As part of my work outlined in the three-part foundational series “Controlling biofilms in Spas and hot tubs” (see the Hot Tub home page), I showed the importance of purging any new or stored Spa or Hot tub. As fortune would have it, I later found myself in a position to test this recommendation under real conditions. This post outlines my purge strategy prior to storage, and the results after storage.
Not long after completing the foundational series referenced on the Hot Tub home page, it turned out that my spa had to be stored for approximately two years, giving me an opportunity to learn more about the effects of storage upon biofilms. In preparation for storage, I diligently purged the spa with ahh-some, including the filters as the label directions specify. My reasoning was that purging the spa would reduce the risk of biofilm growth during storage, and avoid the problems created by manufacturer’s who wet test their spas prior to various transportation and storage events on its way to the customer. After purging, I hired my local spa dealer to winterize the spa and move it into storage. Their process involved blowing forced air into the jet outlets to displace any water (much like blowing out a sprinkler system in the fall) and then treating the plumbing with ordinary winterizing antifreeze from an RV shop. The winterizing process worked, as it turned out that the spa easily survived one of the worst local winters in recent history.
Can Biofilms grow in storage?
It was the fall of 2017 when hired the same crew to retrieve my spa from storage and install it at my new location. I was about to find out if the spa had accumulated any biofilm while in storage! With the exception of the anti-freeze material in the pipes, the spa was preserved nicely, without any visible dust, cobwebs, etc, so I filled it up and prepared to purge. The influence of the antifreeze was visible, but aside from that the fill water looked great. Accordingly, I dosed with Ahh-some and grabbed my camera.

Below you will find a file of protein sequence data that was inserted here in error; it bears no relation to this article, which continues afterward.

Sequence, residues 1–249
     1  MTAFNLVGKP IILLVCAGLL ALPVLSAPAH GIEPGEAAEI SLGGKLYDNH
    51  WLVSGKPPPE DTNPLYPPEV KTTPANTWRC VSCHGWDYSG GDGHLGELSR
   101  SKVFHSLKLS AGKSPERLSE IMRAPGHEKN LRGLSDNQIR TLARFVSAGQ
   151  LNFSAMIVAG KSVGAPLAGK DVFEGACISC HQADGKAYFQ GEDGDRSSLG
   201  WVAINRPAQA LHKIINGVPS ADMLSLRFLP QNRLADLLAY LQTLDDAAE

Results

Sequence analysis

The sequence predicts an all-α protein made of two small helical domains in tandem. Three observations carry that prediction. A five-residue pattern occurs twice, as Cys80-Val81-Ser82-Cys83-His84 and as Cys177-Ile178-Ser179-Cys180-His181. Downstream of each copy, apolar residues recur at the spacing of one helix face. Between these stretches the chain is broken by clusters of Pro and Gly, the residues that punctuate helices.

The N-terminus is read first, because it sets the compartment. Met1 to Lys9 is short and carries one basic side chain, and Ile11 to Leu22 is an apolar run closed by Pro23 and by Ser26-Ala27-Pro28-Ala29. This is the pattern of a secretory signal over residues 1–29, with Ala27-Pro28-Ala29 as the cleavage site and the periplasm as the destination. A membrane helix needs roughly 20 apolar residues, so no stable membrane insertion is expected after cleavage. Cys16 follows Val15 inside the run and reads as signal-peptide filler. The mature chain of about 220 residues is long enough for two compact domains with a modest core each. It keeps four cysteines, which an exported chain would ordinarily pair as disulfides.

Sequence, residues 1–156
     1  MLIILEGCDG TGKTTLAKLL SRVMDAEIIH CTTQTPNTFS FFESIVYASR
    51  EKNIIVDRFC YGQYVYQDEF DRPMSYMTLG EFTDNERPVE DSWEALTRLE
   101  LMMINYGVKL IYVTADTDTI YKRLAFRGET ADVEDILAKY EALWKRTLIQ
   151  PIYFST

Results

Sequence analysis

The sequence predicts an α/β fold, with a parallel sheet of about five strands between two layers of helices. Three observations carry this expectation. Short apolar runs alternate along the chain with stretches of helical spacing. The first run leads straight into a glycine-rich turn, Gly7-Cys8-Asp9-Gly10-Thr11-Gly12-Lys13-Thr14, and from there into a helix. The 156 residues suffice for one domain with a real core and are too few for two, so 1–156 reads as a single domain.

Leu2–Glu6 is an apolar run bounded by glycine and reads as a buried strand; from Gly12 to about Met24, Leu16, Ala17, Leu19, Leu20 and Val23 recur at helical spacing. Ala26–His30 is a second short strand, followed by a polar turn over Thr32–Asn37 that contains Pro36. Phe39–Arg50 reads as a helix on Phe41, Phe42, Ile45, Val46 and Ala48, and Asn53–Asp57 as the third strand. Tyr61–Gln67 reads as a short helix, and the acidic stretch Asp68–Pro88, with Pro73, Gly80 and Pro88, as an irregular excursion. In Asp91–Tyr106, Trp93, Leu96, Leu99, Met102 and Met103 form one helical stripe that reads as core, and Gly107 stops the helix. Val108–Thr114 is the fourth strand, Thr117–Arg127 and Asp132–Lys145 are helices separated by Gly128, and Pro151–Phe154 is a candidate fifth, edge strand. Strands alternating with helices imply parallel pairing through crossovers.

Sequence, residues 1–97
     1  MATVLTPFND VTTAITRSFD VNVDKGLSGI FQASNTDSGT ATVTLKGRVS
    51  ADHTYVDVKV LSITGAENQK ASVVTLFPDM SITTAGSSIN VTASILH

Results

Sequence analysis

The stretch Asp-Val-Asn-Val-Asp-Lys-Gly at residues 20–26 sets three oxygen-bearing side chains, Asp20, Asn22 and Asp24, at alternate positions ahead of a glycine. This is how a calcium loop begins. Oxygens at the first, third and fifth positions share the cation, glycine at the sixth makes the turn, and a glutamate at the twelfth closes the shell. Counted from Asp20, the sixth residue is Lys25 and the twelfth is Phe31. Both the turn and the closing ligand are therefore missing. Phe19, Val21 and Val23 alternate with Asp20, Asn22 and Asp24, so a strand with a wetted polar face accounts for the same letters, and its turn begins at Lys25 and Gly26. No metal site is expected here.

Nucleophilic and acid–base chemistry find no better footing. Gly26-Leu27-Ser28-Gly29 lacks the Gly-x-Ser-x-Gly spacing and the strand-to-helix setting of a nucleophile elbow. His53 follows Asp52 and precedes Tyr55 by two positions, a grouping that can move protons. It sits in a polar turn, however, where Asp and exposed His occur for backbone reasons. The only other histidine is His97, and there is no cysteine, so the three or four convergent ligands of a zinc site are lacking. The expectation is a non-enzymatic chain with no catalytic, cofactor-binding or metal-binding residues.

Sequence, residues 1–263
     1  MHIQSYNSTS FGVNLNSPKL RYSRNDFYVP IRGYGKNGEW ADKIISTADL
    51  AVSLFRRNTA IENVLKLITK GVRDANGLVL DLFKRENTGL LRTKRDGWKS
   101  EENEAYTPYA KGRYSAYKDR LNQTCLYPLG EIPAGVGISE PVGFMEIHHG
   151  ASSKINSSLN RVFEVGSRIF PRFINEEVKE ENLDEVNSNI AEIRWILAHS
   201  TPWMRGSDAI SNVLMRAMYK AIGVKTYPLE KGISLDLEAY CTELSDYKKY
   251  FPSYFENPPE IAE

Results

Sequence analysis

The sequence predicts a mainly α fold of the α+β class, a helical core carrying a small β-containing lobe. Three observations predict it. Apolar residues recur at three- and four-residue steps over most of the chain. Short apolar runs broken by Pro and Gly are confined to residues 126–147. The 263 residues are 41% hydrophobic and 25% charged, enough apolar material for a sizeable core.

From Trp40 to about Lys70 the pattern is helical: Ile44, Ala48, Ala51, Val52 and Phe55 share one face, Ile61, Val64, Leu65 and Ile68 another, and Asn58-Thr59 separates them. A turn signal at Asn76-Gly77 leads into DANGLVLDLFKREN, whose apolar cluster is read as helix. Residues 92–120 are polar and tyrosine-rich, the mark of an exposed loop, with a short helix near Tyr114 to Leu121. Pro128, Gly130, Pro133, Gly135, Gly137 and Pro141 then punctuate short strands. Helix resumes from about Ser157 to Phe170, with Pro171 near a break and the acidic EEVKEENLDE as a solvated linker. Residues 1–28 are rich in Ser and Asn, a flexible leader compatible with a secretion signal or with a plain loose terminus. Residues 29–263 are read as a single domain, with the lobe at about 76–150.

Within about 10 minutes, I already had a result: the familiar appearance of biofilm on the vessel walls. The amount of material astonished me until I remembered that the spa had been in storage for two complete summers, including several days ‘north’ of 100 degrees F: What I just released was most likely forming over the previous two summers:
It is fair to ask whether or not this result could be ordinary dust and/or dirt, but further inspection of my spa revealed the answer: dust and dirt particles end up in the filters, primarily, because they don’t stick to the walls. Conversely, biofilm ends up all over the place because it sticks to anything. To further validate this conclusion I looked in the filter compartment: sure enough, there was evidence there, not only of biofilm but of ordinary particle contaminants that ended up getting trapped in the filter compartment instead of sticking to the walls:
It would take a very expensive, specialized test to prove scientifically that biofilms had formed in my spa during its two-year storage. However, my experience has taught me how to detect biofilims by paying attention to the appearance of released accumulation on the vessel walls. I have learned that biofilms are sticky little devils, and that they always appear on my vessel walls at the waterline or wherever the foam generated by Ahh-some takes them. I have also noticed how “non sticky” particles end up in the filter compartment instead of sticking to the vessel walls. These may also be biofilms, but since I have not seen them before in a proven (by sanitizer decay) biofilm release I’ll give these the benefit of the doubt and deem them to be benign.
Accordingly, I conclude that biofilms did im fact form during storage, in spite of my efforts to mitigate this risk. In addition:
- Any spa that is subject to transportation and/or storage delays (especially after wet testing) has a high probability of growing biofilms if the environmental temperatures are right. I remain astonished that manufacturers and dealers continue to either deny this fact or just “look the other way”, preferring instead to feign surprise and offer a “rescue solution” when the customer encounters issues. I am especially disappointed with Watkins Manufacturing, the makers of Hot Spring Spas — I have reported my results to their manufacturing management team, and my findings were met with clear dismissal of the facts, and a resolve to simply use “rescue” products in the field as needed. I had hoped to influence them to require their dealers to purge upon delivery to the customer, but it was not to be.
- All new Spas should be purged with Ahh-some prior to first use.
- All used Spas should be purged with Ahh-some at least two times prior to first use
- All spas that have been in storage for any length of time should be purged with Ahh-some prior to first use, even if a purge was performed prior to storage